Sarah Thomas is currently writing a memoir about the time she spent living in remote northwest Iceland, where she was involved with a family of sheep farmers. In the following extract, she recounts her participation in the annual round up and slaughter.
The summer has been silenced. Outside the sheep house the snow is deep for miles around. Its whiteness heaps at every vertical intrusion in the landscape. The farm buildings, the smoke house, the old tractor, the plough wheel, the knife grinding stone – all are reduced to a bare suggestion in monotone, like a quick charcoal sketch. The details erased back to merge with their canvass. It is only at the back door of the sheep house that this pervading blankness is punctuated by a daub of deep, wild red.
It is the first week of October. We are back at Ögur, the farm where my partner Orri’s best-loved aunty Mæja, with her husband Haddi, has raised six children and many hundreds of sheep since she moved here as a young woman from the neighbouring farm, around the headland at Kálfavík. It is a week since we gathered the sheep here from the mountains, and now we are back for the slaughter. In this short time, winter has come like a full stop to a lyrical sentence.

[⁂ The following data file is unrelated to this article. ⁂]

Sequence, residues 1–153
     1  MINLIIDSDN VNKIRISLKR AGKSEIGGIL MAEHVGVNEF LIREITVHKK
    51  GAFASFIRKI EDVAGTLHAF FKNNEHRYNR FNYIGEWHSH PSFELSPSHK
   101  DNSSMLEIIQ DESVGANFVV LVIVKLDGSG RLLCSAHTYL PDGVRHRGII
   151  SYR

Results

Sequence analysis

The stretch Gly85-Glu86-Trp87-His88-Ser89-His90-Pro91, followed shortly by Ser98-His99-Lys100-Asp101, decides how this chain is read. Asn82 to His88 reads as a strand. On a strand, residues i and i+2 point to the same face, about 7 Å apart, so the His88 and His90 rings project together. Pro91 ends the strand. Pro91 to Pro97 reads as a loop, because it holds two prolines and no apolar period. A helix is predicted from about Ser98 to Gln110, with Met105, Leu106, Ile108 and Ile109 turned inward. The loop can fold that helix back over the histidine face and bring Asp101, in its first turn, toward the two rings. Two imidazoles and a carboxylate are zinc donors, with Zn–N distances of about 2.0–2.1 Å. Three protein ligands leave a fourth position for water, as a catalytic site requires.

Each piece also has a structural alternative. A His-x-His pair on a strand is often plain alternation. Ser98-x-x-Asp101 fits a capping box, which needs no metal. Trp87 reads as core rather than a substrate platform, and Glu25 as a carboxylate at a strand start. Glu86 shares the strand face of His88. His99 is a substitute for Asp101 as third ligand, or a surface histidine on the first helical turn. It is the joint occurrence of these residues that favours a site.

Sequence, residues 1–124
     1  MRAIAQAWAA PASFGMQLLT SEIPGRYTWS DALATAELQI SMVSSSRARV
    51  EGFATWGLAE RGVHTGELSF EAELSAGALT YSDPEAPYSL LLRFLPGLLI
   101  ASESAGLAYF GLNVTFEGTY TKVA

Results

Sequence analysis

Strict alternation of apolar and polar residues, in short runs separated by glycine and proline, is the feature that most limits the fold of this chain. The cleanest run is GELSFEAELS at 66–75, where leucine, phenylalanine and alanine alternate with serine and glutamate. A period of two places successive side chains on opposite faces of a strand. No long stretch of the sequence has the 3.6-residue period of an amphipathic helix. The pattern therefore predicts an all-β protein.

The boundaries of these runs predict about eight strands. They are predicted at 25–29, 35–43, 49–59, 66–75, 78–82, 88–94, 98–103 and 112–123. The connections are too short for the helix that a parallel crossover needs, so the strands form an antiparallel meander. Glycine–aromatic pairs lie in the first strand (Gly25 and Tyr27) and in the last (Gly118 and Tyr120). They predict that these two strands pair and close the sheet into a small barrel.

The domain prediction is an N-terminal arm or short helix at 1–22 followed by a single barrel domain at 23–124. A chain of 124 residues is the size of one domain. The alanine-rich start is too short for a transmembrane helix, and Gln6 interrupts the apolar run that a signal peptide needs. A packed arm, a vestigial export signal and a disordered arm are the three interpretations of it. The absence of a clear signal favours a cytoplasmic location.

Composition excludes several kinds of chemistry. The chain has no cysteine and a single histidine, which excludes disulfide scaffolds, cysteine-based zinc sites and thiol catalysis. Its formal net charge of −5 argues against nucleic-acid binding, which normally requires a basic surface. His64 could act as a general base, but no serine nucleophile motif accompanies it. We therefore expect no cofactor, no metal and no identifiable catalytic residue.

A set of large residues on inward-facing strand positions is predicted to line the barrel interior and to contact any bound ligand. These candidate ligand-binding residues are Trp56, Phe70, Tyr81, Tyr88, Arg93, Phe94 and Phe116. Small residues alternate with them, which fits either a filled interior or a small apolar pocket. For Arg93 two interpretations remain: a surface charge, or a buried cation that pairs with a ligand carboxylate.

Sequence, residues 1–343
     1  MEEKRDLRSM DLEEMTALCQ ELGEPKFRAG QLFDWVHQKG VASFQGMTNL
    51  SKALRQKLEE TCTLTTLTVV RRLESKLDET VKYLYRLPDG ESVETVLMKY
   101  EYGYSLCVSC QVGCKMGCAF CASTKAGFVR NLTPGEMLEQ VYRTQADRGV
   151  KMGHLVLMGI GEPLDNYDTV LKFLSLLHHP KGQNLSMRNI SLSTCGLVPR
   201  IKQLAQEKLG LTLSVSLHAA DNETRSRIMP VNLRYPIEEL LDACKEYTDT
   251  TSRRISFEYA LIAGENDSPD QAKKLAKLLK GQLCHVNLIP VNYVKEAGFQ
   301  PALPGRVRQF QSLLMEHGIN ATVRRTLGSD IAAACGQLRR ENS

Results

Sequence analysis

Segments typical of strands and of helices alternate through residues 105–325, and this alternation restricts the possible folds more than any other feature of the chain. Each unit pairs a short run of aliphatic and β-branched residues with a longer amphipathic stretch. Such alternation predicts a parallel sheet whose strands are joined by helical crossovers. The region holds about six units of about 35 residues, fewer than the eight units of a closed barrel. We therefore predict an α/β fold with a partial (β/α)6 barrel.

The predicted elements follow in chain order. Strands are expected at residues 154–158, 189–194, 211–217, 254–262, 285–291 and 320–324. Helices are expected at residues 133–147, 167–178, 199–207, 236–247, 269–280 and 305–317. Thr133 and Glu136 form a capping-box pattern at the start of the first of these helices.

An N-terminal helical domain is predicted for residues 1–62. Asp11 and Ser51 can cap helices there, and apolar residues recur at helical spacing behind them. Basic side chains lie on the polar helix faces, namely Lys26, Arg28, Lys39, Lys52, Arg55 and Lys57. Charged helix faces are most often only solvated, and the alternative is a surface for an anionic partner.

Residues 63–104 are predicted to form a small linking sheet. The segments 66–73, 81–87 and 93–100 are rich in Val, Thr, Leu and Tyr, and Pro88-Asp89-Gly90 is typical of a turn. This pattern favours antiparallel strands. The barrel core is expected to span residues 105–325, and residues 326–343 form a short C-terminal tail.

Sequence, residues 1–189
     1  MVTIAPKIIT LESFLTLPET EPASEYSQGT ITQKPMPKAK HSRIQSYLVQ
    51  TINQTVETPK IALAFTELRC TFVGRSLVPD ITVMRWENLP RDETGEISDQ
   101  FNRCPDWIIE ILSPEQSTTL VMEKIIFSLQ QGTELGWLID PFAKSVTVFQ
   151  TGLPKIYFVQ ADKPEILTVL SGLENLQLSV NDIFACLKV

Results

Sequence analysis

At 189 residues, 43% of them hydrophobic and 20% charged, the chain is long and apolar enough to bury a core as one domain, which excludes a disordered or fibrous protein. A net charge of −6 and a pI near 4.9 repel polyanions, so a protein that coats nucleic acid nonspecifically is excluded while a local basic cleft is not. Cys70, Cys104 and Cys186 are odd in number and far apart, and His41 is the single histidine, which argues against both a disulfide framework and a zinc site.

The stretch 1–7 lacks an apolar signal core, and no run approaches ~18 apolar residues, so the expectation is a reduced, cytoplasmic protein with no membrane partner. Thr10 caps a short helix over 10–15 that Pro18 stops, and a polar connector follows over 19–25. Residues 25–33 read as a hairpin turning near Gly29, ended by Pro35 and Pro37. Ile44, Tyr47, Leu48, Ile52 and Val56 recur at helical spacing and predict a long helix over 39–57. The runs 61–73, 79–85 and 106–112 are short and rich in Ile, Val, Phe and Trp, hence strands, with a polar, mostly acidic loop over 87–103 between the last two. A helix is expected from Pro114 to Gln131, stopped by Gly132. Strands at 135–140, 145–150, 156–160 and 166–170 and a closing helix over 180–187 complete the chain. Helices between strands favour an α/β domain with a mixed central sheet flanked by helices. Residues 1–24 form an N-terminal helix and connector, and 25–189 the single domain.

It happened rather incidentally that Orri and I had been able to participate in the round up of the flock. It was a fitting ritual end to the month long road trip we had embarked upon, brought on by a change of weather. Or rather, the weather change determined that our road trip was a month long. We had set off on an anti-clockwise circumambulation of Iceland in our camper van after a summer season of hard work in the highlands. Orri had done this once one his own, and now, newly in love, he had wanted to show me his country while we had the time and flexibility to explore. At the beginning of the trip in early September, I had stood in a bikini in the south of the country, seeking solace in the shade of a cave. We had slept with all the doors of our campervan open that night, such a balmy evening it was.
A week ago, the 27th of September, we awoke in the north of the country, outside a town called Siglufjörður. I was fully clothed in woollen underwear, helmeted in a balaclava, and had slept with my head under the duvet. I turned and drew back the makeshift curtain in a cloud of my own breath. Just when I had thought the mountains could not get any more beautiful, draped in blueberry ling and shrubbery steeped in autumn colours, a dusting of snow had fallen overnight, highlighting every contour. September is a month of ambiguity: it can be fine, it can be cold. Though we had lined the cavities of the van wall and ceiling with sheep’s fleece from one of Orri’s uncles a month prior, this was the first time it had felt essential.